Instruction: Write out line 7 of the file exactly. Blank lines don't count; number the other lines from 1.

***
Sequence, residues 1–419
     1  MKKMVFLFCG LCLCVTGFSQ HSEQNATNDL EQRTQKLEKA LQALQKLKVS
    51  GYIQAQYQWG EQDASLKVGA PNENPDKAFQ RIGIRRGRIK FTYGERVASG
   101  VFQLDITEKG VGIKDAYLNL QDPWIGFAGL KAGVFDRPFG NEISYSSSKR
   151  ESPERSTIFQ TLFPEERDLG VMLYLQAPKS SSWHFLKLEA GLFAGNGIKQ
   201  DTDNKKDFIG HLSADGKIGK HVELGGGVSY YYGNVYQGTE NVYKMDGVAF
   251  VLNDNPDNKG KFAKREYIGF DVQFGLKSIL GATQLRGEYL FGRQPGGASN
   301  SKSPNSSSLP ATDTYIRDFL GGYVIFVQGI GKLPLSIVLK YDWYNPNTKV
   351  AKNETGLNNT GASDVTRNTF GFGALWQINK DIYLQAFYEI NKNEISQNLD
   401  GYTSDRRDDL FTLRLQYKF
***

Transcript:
   251  VLNDNPDNKG KFAKREYIGF DVQFGLKSIL GATQLRGEYL FGRQPGGASN